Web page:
Global Fandom Jamboree Conversation: Innocent Uwa (Nigeria) and Swapnil Rai (India)- Part 1.” Confessions of an Aca Fan

Bollywood Fandoms: The West versus East (Germany and Nigeria)

Rai: All right, so the first question of that I had for you is how is the Bollywood fandom itself feminized in a global more Western context. This is something I’ve been mentioning is the case in Germany. But I’m curious to know if it is similar in Africa, or is it more dispersed because in some of the examples that I saw of Bollywood fans hailing from let’s say Africa or other countries, living in western context both men and women equally consume the cinema. What are your thoughts in this for Nigeria, specifically?

Uwah: Fandom in Nigeria can be witnessed by looking at the contexts of film consumption – for example, where and how is Zee world consumed? The media act with attractions to audiences, like football game, music, film, or whatever help us to appreciate the nature and dynamics of fandom. That is what obtains in speaking about Zee world here.

Rai: it is similar to what you get by looking at Bollywood?

Uwah: Whatever I say Zee world stands for Bollywood which I concentrated on while discussing fandom as can be seen in my write up. Therein you see how, especially young couples, follow and consume Zee world; you discover that for homes that have aspirations and share values together, they look out for what to see in Zee world series.
So, they do a whole lot of things together, and everything they tend to share seems to revolve around the Zee world values. You also discover that apart from couples doing things together. Most women, consume it because there’s some sort of escapism in it, because so many of them would love the canons of the story from the angle of romance.
The angle of love. and the way issues of life relationships are treated in Zee word are well captured in its stories. So, Zee word has a whole lot of patronage in Nigeria, because of its thematic thrust, focus of its relationships, because of its high points in humanness among young people. Again, because of its high appeal, people tend to enjoy how it goes about family issues and therein one can discover the dynamics of huge familyy life from one generation to the second and even up to the third.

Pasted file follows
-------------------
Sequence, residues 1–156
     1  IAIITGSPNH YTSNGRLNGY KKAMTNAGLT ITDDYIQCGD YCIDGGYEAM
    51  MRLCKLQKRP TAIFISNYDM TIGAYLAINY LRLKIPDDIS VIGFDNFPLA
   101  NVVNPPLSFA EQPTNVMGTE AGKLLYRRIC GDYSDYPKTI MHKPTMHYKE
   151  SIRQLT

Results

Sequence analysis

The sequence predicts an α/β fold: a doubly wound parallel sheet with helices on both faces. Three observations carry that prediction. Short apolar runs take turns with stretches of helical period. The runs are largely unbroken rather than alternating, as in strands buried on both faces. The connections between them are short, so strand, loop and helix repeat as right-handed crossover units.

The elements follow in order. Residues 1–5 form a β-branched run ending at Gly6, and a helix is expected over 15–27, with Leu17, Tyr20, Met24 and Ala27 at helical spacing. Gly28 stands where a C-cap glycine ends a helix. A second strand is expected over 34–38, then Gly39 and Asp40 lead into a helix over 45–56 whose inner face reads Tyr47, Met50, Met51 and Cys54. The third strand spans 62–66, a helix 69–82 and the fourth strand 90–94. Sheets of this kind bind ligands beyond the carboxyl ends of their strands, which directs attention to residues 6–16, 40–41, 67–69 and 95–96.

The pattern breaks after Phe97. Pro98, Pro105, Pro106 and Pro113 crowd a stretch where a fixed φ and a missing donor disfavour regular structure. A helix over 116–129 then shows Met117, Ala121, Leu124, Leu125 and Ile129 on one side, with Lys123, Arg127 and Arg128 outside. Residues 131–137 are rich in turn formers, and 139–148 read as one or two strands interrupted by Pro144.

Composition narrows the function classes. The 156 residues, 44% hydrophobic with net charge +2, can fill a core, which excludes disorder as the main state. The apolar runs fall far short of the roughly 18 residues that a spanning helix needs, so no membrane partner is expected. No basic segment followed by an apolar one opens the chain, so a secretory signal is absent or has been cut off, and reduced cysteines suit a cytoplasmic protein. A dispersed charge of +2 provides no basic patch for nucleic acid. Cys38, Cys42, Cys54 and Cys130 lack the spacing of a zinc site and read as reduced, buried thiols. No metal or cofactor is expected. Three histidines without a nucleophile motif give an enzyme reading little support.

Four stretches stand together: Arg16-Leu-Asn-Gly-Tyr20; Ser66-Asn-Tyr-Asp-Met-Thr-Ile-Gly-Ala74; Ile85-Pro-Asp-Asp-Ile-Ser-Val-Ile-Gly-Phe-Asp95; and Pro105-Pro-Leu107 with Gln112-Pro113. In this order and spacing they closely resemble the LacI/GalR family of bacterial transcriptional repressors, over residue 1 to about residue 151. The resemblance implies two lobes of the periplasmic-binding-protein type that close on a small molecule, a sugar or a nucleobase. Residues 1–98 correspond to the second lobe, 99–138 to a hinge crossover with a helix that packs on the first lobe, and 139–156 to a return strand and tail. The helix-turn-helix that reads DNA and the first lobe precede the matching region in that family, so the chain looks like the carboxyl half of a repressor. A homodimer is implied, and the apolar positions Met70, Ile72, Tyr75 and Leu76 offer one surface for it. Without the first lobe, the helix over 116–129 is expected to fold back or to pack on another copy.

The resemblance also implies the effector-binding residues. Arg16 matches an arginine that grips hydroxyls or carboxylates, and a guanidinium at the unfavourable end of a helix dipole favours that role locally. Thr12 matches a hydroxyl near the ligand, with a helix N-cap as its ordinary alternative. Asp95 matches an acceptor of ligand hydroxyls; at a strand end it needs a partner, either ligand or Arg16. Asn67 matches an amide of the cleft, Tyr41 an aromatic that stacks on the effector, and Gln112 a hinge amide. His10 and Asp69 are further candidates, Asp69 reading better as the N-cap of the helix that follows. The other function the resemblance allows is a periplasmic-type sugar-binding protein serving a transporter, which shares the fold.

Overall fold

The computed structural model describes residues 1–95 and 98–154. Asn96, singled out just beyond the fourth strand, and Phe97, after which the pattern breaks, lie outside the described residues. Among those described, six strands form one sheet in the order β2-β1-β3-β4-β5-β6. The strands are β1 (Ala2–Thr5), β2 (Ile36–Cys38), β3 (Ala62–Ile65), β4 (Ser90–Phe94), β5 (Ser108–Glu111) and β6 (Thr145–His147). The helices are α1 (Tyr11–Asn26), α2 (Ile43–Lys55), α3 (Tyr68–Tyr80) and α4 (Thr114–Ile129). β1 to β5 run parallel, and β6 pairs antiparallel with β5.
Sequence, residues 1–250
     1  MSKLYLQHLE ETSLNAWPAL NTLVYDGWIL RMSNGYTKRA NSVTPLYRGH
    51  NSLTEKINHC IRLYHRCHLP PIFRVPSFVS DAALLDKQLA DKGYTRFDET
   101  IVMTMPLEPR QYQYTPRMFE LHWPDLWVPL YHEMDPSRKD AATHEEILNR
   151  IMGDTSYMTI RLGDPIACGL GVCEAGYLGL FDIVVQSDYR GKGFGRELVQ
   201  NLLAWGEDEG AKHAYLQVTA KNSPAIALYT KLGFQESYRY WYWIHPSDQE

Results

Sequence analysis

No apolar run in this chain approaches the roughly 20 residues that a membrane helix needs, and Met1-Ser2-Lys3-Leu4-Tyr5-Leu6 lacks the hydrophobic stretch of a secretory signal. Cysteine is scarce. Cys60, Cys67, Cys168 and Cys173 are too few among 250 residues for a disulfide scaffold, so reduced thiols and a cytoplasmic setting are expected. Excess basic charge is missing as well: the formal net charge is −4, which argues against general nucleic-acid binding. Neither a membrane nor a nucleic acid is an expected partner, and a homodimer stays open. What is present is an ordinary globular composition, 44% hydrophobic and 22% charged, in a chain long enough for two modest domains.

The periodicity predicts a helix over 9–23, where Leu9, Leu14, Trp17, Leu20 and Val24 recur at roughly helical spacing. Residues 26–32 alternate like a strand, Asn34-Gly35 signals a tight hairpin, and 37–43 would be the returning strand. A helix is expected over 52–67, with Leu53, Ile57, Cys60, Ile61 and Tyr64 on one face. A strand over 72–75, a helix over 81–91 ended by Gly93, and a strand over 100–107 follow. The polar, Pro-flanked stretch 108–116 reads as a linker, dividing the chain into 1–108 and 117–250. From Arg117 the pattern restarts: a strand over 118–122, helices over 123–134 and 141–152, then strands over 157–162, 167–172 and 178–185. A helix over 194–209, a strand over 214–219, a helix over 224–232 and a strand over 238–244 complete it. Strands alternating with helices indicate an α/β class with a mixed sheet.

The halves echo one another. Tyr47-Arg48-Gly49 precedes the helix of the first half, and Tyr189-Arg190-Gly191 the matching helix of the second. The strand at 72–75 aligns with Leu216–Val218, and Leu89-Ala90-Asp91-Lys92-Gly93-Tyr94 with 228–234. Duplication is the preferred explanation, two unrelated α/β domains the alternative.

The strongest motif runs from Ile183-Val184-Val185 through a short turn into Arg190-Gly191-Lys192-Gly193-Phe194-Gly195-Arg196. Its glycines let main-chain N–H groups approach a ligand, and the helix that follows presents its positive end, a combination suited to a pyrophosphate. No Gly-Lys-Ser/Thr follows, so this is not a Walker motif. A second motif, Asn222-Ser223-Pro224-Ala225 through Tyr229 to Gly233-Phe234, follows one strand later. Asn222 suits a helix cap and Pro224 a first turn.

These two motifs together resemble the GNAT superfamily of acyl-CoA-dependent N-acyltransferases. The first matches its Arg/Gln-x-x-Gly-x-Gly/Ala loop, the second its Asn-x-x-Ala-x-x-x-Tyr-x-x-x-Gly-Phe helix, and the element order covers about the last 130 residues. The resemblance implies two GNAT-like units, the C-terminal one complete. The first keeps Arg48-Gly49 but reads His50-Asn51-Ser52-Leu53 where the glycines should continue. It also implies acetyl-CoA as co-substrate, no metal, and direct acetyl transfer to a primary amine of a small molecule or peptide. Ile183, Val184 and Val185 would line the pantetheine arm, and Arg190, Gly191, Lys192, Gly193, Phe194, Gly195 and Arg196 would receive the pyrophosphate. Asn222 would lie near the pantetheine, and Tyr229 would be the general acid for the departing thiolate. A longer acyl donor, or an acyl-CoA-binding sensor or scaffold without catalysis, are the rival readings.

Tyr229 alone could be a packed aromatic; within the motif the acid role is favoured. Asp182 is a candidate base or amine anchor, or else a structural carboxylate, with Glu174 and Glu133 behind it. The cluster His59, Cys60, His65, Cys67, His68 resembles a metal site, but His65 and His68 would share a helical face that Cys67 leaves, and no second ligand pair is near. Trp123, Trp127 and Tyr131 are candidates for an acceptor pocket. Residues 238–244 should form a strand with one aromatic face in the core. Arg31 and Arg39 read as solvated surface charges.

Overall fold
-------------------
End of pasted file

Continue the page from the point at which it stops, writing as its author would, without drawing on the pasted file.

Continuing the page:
Every story is in fact too wide to collapse, so many people here in Nigeria practice living with extended family members and it is one thing you see sustaining family relationships in Zee world where everybody is involved, you don’t take any person for granted. And sometimes the need of the baby can even be seen in the act of a granny, and the joy of the wife has implications for the husband, or the affairs of the house can make someone declare war in the family…so it makes people look up to the stories that resonates with their circumstances and feel good.

People also use it to explore the culture of the Indians. Look at the kind of traditional attires they put on as costumes as well as the way people handle spoken English spoken, most young people want to have aaccess to best practices in other words people also learn grammar through this, so they have a lot of things that bring up treasures to them from the screen experience and these things are some of the reasons why because zee world is hugely patronized and consumed on TV rather than on websites many would have gone online in Nigeria as a collective, but because not so many people can access the digital world from their homes, emphasis is on consuming it on television screen. The most they have to do is to buy the watch their favorites on TV unlike how it is done in the Western world where fans would connect each other online.

We have people in Nigeria that can follow a particular series of TV wherever they are by going online, and then watching it on screen, but people prefer to follow it live on television in Nigeria and watch it on TV. So that’s how the zee world fandom sounds here.

Rai: So, what I’m hearing here is that there are a lot of factors that create these cultural resonances so one is age factors and generational. You said young couples, so the romance of it becomes important. You’re also saying that family values, and the kind of resonances that exist in the way that Indian families are structured, that kind of reflects in in the narratives of the world, resonates with the African way of life as well, because it, it places emphasis on family bonds and children on like filial piety and things like that.
You also pointed to some platform issues that there is sort of this digital divide, wherein the access primarily comes through TV.

Uwah: Yeah.